Today in History - July 22
The Battle of Falkirk
* England's Lost Colony
-- Compiled by James Finlayson-Bald
The discovery of "Croatoan"
On this date:
1227Battle of Bornhoved between the Danes under Valdemar II and the insurgents of the province of Dithmarsh who wanted to turf the Danes out of "their" land. The Danes were defeated, the province was lost to the Danish Crown, and never heard of again. They should be so free!
1298Battle of Falkirk. The English army of Edward I, long in the field (and unpaid most of the time), was beginning to despair of either feeding itself or of running the Scots army to ground, suddenly, and unexpectedly, encountered Wallace's band near Falkirk. Wallace had to offer battle although his force was numerically inferior. However he was able to deploy in a strong position, his troops protected at their front by the Westwater Burn and a marsh. He organised his spearmen in four solid rings, later to become famous as the schiltron, placed archers between the rings and cavalry to their rear. The English deployed in the conventional battles. Their van was commanded by the Earls of Norfolk and Hereford, the second battle by Anthony Bek, Bishop of Durham, and the main battle under King Edward. As the English knights charged, the Scottish cavalry retired the field, leaving their archers to be ridden down. The English were halted by the schiltrons and suffered some casualties. Edward ordered his archers forward, (this is said to be the first time the longbow was used), and the dense formations of Scottish spearmen melted away under a hail of arrows. As huge gaps appeared in the schiltrons the English cavalry charged in among them inflicting considerable slaughter. Wallace escaped and fled to France, leaving Edward in control of south-east Scotland.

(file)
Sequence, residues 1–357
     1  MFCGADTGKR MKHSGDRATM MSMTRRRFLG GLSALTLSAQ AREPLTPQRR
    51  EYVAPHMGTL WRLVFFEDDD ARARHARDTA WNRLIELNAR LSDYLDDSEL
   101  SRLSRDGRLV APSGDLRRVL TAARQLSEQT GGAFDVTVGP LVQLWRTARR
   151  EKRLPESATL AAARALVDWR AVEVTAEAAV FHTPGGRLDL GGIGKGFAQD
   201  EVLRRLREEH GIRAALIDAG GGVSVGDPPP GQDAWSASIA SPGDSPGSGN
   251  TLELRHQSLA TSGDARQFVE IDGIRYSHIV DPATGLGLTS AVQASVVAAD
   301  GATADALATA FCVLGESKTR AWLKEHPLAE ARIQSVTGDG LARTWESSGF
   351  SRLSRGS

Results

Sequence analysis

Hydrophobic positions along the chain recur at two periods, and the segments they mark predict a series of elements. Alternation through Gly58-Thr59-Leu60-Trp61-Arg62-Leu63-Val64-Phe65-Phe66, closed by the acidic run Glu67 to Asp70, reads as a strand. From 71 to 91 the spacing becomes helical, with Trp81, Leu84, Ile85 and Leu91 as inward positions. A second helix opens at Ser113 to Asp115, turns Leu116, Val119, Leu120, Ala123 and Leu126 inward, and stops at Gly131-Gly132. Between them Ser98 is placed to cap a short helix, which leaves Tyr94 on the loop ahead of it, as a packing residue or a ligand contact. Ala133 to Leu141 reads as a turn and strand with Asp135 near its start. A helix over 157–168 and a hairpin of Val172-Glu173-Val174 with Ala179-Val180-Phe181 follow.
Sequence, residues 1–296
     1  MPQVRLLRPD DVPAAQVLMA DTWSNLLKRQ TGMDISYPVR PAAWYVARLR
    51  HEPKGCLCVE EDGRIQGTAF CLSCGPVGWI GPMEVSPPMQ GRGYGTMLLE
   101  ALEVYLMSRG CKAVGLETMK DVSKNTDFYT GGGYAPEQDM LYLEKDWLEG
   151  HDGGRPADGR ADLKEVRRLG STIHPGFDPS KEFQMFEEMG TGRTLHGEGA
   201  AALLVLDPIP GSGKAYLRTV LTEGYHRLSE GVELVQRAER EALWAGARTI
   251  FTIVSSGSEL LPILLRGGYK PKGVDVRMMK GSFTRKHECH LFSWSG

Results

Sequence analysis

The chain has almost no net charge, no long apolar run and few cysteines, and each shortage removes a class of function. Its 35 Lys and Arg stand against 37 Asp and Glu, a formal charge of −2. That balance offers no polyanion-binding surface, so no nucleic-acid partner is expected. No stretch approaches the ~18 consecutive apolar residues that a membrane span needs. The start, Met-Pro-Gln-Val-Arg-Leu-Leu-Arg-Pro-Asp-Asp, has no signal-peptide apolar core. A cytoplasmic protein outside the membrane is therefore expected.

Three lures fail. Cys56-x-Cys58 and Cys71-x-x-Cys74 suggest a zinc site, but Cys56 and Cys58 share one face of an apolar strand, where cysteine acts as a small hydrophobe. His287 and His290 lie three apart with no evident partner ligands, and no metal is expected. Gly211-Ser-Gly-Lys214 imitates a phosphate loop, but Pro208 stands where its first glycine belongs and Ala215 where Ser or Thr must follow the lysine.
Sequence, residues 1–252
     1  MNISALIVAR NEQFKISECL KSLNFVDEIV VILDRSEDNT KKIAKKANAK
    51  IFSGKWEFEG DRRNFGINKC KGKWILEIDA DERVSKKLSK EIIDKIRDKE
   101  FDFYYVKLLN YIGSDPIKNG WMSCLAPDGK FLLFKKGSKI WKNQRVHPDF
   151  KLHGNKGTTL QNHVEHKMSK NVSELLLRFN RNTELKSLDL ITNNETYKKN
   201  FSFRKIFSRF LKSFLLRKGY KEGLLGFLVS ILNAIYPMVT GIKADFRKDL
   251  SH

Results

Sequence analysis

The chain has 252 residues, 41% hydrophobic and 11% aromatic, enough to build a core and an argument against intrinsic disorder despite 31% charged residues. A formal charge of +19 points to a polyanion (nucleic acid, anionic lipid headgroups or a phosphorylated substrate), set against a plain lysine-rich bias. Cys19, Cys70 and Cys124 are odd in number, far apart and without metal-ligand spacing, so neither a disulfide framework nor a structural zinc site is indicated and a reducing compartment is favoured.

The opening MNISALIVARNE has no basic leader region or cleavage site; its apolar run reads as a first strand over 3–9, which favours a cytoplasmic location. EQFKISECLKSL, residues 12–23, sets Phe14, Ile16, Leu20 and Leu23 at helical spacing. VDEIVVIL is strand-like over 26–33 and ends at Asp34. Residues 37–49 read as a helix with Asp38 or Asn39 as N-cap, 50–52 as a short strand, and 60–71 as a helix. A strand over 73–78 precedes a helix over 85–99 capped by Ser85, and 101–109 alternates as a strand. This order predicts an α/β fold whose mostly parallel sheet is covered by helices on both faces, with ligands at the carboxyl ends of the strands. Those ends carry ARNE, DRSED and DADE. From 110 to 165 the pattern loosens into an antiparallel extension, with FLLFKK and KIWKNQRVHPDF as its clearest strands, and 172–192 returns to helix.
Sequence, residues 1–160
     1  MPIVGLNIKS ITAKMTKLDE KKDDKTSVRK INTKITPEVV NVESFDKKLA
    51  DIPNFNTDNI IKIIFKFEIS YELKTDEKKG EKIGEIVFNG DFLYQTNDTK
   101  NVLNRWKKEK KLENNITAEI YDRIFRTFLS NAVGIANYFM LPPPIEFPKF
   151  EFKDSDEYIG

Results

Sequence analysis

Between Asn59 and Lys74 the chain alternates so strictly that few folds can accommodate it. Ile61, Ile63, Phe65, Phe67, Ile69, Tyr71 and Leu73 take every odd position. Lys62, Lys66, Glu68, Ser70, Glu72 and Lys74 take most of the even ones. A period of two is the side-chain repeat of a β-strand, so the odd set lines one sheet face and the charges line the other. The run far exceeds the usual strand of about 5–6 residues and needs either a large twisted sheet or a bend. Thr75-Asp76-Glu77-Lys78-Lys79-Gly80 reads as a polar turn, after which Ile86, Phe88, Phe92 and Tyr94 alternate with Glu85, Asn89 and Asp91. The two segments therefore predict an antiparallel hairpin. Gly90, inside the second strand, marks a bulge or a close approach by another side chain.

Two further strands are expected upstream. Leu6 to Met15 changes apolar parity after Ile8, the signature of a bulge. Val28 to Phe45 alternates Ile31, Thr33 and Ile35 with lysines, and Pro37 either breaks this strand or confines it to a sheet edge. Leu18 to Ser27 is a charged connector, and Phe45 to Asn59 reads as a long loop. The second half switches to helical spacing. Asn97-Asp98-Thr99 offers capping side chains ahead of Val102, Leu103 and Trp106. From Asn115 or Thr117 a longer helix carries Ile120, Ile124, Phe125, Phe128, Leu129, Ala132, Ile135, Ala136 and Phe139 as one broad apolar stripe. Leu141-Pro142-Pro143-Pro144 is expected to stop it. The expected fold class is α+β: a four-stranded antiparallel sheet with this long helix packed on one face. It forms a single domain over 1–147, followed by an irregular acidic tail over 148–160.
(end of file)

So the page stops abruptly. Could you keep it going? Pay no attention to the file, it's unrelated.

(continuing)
1587The "Lost Colony" arrived at Roanoke, North Carolina. It comprised 121 persons sent out by Sir Walter Raleigh, under John White. White returned to England for supplies and returned in 1590 to find no trace of the colony, except the word CROATOAN, carved on a tree, designating an Indian tribe. John White's grand-daughter, Virginia Dare was born in the colony on Aug 18, the first child of English parents born in America. Twenty four stones were found in 1934-35 bearing inscriptions purportedly by Eleanor Dare, the child's mother. If authentic they indicate the colony moved on to northern Georgia. Their ultimate fate is unknown.
Frederick Rolfe (Baron Corvo), novelist (1860-1913)
Stephen Vincent Benet, poet (1898-1943) CP
"To abstain from sin when a man cannot sin is to be forsaken by sin, not to forsake it."
The above article was written by James Finlayson-Bald.
Edited and illustrations added by David Paul Wagner.